Thursday, May 31, 2007

Salleh ben Joned - readings from Adam's Dream

We all know why he couldn't make it to the book launch during the Kuala LumpurInternational Literary Festival 2007, and we were disappointed though we understood.

Salleh is much better now and will be doing a reading from his latest books Adam's Dream at Silverfish Books, 67-1, Jalan Telawi Tiga, Bangsar Baru, Kuala Lumpur on Wednesday 4th of July, 2007 at 5.30pm. So why have it on a Wednesday? Because it is his birthday! Yes, Salleh was born on the 4th of July. (We have, since, changed the date and time of the event to the 7th of July but Salleh's birthday is still in the 4th though.)

Expect to have a good time. Bring your copies of Adam's Dream along for Salleh to sign, or you can get copies at Silverfish, of course.

Adam's Dream is an intensely personal collection of poems, some of which are extremely painful to read. But there are several fun ones too.


John Webster said...

I have known Salleh for many years as a mentor to my wife,a Malaysian who,is about to complete her PhD in English - motivated in significant part by her early years as a student of Salleh.

As a professor, I should only hope that I might ever have such a positive and motivational impact on any student's professional and creative development.

Salleh must be among the most gifted of teachers and writers and should take great pride in knowing the role that he has played in nurturing others who also embrace his bold and candid willingness to seek truth.

John Webster, PhD
Univeristy Professor, Chaminade University

Anonymous said...

My copy of Adam’s Dream arrived a few days ago and as I dip into it randomly at my home here in Honolulu I am doubly sorry I cannot be at Silverfish Bookstore for Salleh’s reading on July 7. It is July 5, the day after the U.S. Independence Day holiday—and Salleh’s birthday, which in his words “is just an unfortunate/coincidence without/any significance”(60). And yet he notes it? Salleh, my teacher this past 30 years, from whom I learned –and continue to learn so much-- is wrong on this one small count. Because, in some ways, how right it is that Salleh is born on the Fourth of July—with all that immediately suggests of freedom, of celebration, of passionate attachment to a land and all it is supposed to stand for.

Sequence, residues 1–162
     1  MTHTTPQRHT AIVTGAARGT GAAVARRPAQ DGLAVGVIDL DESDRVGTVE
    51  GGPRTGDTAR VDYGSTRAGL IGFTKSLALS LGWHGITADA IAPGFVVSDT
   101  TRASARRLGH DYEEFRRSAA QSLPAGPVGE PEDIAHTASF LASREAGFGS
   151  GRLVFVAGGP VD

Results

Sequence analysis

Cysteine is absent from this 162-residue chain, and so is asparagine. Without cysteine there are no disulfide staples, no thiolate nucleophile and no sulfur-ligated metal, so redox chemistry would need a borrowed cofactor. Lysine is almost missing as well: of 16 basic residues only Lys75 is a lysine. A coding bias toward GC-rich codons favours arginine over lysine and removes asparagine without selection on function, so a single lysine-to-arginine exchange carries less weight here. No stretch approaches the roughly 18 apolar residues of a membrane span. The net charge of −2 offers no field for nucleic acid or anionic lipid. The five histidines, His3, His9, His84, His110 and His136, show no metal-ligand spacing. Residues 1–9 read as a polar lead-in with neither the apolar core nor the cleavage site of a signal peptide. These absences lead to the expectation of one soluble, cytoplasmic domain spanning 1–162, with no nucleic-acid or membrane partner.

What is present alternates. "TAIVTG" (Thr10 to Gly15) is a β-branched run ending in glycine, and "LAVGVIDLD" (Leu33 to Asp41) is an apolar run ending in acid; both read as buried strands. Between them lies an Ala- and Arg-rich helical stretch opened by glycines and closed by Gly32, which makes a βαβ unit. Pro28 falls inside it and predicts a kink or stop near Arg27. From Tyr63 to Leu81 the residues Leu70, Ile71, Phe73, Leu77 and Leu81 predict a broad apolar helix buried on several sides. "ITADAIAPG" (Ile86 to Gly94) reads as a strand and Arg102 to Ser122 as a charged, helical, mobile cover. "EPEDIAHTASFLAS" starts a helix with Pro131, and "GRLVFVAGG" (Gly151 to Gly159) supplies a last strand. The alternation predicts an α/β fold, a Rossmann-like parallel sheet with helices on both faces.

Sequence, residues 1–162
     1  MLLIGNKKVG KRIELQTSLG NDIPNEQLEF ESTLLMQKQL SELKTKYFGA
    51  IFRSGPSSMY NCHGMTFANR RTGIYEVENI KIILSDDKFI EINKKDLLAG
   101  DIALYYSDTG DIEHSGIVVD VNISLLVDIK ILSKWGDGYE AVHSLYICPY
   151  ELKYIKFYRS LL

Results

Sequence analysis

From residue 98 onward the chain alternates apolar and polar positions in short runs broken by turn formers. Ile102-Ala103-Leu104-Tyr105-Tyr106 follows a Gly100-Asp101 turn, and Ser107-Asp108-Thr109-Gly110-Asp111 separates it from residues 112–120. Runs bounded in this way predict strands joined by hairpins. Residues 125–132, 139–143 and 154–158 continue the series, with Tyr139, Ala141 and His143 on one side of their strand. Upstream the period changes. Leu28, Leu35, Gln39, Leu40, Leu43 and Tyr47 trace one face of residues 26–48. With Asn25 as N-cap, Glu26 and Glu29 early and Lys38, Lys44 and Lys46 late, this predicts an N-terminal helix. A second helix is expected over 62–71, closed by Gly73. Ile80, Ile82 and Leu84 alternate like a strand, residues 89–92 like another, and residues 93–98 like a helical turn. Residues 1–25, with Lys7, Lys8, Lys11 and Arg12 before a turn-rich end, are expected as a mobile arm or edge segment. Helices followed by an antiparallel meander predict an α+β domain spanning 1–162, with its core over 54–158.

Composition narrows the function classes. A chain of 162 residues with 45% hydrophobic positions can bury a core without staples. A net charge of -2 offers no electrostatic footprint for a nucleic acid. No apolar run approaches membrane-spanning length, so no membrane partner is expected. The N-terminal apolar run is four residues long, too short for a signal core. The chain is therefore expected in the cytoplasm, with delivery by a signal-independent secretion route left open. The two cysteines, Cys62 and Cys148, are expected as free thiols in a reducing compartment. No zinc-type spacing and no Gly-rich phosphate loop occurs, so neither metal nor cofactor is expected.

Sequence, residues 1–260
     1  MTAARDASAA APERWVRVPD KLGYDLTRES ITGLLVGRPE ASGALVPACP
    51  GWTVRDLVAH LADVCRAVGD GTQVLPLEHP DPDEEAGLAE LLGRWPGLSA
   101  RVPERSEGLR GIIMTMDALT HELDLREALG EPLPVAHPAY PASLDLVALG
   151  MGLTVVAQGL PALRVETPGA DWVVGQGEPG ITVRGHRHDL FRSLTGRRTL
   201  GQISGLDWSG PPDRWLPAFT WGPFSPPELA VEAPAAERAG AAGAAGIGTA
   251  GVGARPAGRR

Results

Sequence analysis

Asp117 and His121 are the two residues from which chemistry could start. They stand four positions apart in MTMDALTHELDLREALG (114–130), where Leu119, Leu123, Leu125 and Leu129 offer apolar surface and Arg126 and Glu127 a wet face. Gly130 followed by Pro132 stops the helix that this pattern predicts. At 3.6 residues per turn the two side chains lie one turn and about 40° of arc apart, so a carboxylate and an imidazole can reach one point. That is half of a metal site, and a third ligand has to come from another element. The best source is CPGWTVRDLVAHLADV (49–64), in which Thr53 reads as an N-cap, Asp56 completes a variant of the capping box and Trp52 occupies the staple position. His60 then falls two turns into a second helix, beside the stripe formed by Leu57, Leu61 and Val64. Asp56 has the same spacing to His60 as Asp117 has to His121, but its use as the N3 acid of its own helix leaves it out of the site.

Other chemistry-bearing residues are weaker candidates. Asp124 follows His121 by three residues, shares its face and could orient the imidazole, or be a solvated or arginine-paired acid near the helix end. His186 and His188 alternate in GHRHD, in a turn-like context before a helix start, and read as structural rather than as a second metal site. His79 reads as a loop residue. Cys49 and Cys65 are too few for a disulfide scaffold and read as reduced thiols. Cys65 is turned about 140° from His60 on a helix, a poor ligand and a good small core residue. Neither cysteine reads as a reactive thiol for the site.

Today, some of the Americans who are most critical of the tragically wrong turns their country has taken away from what its constitution and traditions are supposed to represent are the ones called “unpatriotic” and “disloyal.” So too, Salleh—against all evidence to the contrary. Salleh suffers the repeated charge of being an apostate and of being “kurang ajar” because his writings contain some of the angriest analysis of what has gone wrong with the country that this reluctant Bumiptera and millions more, indigenous and immigrant, call home. He lashes out at what he sees to be the “constitutionally condemned” way in which Malays like him, not just the children of immigrants, are made to feel like outsiders. He rails against the absence of “the elementary right/To believe in whatever gods I like” (85). In many ways his anger and his criticism make him more truly patriotic and more honestly spiritual in the best sense of what those labels are supposed to mean. His pious critics simply fail to hear the alarms his poems raise about the cancer that is invading the body politic in Malaysia.

This week I heard from another teacher of mine here in Hawaii who is fighting a personal battle with breast cancer. On Friday she will undergo what she hopes will be her final chemo treatment. In a note asking for prayers and good wishes, she expresses the hope that “this final treatment will annihilate any remaining buggers floating around in my body and then quickly skedaddle, allowing new healthy cells to regenerate and flourish.”

This could well be our wish for what Salleh’s poems might effect in Malaysia.

I hope Salleh’s reading, taking place almost simultaneously in Kuala Lumpur will help cure what ails us in Malaysia, banishing fears and suspicion and encouraging “new healthy cells to regenerate and flourish.” Adam’s Dream continues the work begun in Salleh’s earlier writings of teaching us “to greet, love, laugh and dance with each other in the middle of our zones of taboo” (Salleh quoting Epeli Hau’fa in As I Please, 148). Our laws direct us otherwise, but the truth is that only by talking to each other, not by silencing discussion, can we work our way to the “freedom” that Salleh tells us is one of the more precious meanings of Malaya.

Dawn Morais
Honolulu, Hawaii.